CitationDownload as .RIS
Emerald Group Publishing Limited
Copyright © 2010, Emerald Group Publishing Limited
Article Type: Editorial From: Young Consumers, Volume 11, Issue 4
This is our last issue for 2010 and we have a wide variety of articles looking at different aspects of consumption in children and youth. All of them share one special quality though – they are truly international in outlook and cover a wide spread of cultures and topics. I have chosen as the lead article a piece on adolescent snacking, by Tino Bech-Larsen and her colleagues from the University of Aarhus in Denmark. In my opinion the research reported here achieves a valuable goal which is to challenge conventional assumptions by making them problematic and so open up new frames of understanding. As you are no doubt aware the field of food, children and youth is very popular and this piece of work stands out very clearly as novel and original. Snacking is often seen as unstructured and free of norms (in contrast with the literature on the rituals and structure of meals for example) but as you will see when you read Tino’s paper, it certainly is not. Seeing patterns and structure when others do not is one of the achievements of good social and critical enquiry and there are many examples of this discovery in the literature, such as the work on soccer crowds and street gangs in social psychology and sociology.
Next we have two articles on young people and money. Cesar Maloles from California State University and his colleagues from other universities in the USA and Austria look at the different subgroups of the youth market in the context of their financial interests and usage. In particular they are interested in what determined their choice of banks as well as what factors influenced their satisfaction, loyalty, and behavioral intentions with regard to their banking needs. Lisa Yong and her colleagues are concerned about financial awareness among young students in Malaysia and have surveyed them about this aspect of their financial literacy. Given the sample size we now have valid and reliable scales for general financial awareness and financial product awareness with this age group and further cross-cultural work can be done in this area.
Cognitive dissonance has a long history in psychology although it has fallen a bit out of fashion recently. However Babu George and his colleague at the University of Southern Mississippi look at dissonance reduction in a refreshing way in the context of impulse purchases when students go spring break shopping. They provide an interesting story from their results showing that impulse buying behavior could be a coping strategy used to avoid discomfort associated with the possible disconfirmation of expectations. Still on the topic of shopping, Rina Makgosa from the University of Botswana looks at the role of entertainers and television celebrities in the purchases of teenagers in that country. “Celebrity culture” is becoming an influential source globally on consumption practices in both conventional intended formats such as celebrity endorsement and so-called “unintended” consequences involving role modelling and other forms of emulation. However the power or effect of this source of influence relative to more traditional sources of consumer socialisation such as family, peers, and significant others needs to be established for both marketers and those concerned with social policy. Makgosa’s paper contributes to this cross-cultural perspective.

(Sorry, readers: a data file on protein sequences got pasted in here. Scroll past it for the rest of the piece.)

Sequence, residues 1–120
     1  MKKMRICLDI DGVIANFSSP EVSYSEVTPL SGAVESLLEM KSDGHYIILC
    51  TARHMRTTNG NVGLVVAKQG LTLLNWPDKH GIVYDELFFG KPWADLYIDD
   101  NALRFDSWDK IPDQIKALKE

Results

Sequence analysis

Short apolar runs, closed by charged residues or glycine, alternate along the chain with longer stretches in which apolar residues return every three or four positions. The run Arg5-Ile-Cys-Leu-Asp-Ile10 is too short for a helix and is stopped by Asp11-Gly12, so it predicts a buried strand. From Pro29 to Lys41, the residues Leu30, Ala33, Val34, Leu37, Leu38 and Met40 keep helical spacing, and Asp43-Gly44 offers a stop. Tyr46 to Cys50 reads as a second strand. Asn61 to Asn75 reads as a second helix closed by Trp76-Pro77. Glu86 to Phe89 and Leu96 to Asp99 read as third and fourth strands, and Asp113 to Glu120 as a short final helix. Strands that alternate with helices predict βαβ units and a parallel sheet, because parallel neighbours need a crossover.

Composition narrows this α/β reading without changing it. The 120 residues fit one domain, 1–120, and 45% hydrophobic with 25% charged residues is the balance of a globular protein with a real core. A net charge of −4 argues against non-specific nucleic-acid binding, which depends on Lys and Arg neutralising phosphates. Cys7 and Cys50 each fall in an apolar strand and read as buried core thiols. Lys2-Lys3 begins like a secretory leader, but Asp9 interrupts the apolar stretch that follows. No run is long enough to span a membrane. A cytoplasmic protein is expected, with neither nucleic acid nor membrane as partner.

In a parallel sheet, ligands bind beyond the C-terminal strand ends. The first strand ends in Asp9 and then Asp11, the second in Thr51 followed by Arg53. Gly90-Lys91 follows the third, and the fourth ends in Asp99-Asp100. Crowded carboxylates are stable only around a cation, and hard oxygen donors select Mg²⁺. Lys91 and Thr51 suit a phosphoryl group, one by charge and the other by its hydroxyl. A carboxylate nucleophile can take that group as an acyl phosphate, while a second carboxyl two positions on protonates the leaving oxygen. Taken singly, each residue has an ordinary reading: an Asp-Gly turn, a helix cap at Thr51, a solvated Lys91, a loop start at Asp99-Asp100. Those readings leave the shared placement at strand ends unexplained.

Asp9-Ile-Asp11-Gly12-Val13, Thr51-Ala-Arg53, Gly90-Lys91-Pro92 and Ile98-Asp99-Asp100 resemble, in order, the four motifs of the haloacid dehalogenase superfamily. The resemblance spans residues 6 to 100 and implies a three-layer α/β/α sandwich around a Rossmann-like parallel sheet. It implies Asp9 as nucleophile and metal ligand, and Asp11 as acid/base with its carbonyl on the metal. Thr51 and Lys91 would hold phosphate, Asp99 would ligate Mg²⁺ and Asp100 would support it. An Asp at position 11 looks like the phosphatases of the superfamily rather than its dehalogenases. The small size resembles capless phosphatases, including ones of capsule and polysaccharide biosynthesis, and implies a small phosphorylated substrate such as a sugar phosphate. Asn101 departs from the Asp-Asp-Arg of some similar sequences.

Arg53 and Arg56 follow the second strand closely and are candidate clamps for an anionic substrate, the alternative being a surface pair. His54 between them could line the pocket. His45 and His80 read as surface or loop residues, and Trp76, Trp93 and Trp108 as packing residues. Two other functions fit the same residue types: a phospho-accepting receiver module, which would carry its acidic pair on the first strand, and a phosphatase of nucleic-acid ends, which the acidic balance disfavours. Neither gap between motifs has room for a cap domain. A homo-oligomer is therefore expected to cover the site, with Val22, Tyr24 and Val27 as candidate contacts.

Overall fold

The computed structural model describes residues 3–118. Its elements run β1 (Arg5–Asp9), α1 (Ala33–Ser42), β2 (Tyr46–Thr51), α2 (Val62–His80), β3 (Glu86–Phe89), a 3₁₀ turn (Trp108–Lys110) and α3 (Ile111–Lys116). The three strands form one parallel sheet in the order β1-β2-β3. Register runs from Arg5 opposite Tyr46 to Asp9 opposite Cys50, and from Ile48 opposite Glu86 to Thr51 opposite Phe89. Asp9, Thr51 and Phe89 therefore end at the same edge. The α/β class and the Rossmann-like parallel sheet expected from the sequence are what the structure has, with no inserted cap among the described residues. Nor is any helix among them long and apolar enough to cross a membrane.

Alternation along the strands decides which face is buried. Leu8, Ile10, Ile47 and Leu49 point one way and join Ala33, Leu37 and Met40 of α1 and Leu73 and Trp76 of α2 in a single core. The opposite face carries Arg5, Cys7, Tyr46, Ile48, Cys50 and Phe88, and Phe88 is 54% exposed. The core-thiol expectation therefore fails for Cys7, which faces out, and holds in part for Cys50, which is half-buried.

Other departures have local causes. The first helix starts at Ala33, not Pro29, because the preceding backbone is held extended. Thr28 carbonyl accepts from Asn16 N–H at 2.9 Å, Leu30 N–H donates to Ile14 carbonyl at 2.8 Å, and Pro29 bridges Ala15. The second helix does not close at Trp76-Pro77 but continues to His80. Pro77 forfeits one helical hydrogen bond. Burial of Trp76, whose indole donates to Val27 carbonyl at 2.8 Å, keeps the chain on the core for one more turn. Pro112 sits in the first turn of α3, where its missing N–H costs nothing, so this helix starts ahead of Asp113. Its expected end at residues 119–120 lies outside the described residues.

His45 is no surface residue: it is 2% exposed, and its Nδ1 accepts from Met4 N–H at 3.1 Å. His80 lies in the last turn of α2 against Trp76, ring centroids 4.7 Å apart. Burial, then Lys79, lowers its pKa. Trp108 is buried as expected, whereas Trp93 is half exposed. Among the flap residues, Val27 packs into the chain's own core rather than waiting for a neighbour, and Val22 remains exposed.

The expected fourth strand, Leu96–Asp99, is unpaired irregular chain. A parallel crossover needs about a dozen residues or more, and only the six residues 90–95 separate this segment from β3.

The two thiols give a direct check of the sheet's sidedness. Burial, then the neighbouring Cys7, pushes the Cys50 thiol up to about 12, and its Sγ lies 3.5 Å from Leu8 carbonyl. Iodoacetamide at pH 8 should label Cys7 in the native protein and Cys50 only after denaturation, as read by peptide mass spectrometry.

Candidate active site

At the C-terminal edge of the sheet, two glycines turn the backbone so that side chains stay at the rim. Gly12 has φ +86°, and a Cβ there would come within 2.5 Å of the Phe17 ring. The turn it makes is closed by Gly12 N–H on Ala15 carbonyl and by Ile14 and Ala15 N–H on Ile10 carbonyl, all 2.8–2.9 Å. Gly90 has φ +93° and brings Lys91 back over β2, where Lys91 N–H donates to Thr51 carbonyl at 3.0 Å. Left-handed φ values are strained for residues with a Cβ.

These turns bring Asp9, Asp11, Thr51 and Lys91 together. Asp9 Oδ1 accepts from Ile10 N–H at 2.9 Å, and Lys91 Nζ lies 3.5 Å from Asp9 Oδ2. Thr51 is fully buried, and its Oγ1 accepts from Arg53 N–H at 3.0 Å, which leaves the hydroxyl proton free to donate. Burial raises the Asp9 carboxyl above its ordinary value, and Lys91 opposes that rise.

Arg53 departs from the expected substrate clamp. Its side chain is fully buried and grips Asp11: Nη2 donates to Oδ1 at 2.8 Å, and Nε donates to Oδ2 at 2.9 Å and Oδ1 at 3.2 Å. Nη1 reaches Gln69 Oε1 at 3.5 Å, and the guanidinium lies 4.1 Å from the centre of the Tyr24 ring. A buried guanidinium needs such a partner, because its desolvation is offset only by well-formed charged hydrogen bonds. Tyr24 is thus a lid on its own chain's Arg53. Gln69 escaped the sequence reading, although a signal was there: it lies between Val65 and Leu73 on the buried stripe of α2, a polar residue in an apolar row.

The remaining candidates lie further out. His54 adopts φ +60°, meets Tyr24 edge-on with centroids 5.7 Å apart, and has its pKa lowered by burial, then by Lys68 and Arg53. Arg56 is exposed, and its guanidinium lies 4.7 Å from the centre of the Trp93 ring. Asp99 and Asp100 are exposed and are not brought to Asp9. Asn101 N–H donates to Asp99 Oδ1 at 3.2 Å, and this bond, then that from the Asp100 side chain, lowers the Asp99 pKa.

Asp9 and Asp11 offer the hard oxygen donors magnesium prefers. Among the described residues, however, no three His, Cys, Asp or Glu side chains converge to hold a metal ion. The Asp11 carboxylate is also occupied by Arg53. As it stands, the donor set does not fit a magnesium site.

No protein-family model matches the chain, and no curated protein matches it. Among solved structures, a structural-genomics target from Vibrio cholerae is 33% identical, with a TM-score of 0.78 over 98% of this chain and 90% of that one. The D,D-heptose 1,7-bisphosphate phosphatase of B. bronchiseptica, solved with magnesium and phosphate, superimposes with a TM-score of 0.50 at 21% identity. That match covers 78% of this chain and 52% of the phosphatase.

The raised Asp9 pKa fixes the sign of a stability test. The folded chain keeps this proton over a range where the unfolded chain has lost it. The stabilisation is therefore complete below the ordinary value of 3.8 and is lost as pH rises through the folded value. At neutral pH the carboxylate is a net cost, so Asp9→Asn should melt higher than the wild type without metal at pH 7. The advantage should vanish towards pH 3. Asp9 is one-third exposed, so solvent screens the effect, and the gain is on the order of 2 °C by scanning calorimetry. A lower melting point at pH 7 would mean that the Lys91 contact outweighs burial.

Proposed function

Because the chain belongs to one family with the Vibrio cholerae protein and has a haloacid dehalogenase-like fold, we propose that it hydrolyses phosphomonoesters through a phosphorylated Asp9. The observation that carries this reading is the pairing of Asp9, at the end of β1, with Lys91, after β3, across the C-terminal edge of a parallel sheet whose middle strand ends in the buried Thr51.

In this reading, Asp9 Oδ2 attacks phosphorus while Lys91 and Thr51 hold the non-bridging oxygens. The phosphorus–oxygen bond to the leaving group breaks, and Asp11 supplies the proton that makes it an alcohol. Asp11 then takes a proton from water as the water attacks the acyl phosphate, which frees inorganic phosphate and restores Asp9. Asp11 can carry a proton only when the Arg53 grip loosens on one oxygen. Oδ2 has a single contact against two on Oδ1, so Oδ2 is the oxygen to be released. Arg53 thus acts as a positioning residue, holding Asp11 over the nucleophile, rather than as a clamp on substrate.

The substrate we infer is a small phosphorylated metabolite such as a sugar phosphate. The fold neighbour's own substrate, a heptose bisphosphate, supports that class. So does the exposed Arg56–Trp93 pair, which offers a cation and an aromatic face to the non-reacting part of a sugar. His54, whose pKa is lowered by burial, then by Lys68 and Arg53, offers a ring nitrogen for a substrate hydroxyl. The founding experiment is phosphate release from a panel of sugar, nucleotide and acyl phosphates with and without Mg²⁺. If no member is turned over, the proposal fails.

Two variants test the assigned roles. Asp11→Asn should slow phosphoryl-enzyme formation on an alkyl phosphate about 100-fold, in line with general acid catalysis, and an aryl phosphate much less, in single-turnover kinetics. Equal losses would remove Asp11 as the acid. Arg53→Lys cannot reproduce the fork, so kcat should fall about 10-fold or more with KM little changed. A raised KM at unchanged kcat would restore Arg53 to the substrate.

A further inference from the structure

One of the growth areas of research recently has been the consumption of alcohol by underage drinkers and young people, with the associated social policy issues and social problems associated with it. Dariusz Siemieniako at Bialystok Technical University in Poland and his international colleagues explored college student binge drinking in two cultures; Poland and Canada. They were interested in the role of locality – the places and contexts where students conduct a lot of their social life. This qualitative research provides valuable insights into what are often dysfunctional drinking patterns in young people.
And last in our portfolio of academic papers, but by no means least, is a report on research of family purchase decisions of mobile phones conducted in Malaysia by Amily Fikri and his colleague Norina Jamil. Malaysia is a multi-ethnic nation and this variable of ethnicity and other factors are explored in this large study.
Dan Acuff is a well-known author of books on children and advertising and brings to bear a wealth of experience as a consultant for many international companies. He presents us with a fascinating short piece on character archetypes. Also we have our regular column under the “legal briefing” head. This time it’s on advertising to children and young people in Chile.
I hope you enjoy reading all of these important papers and many thanks to all our reviewers and contributors without whom these regular issues would not be possible.
Dr Brian YoungEditor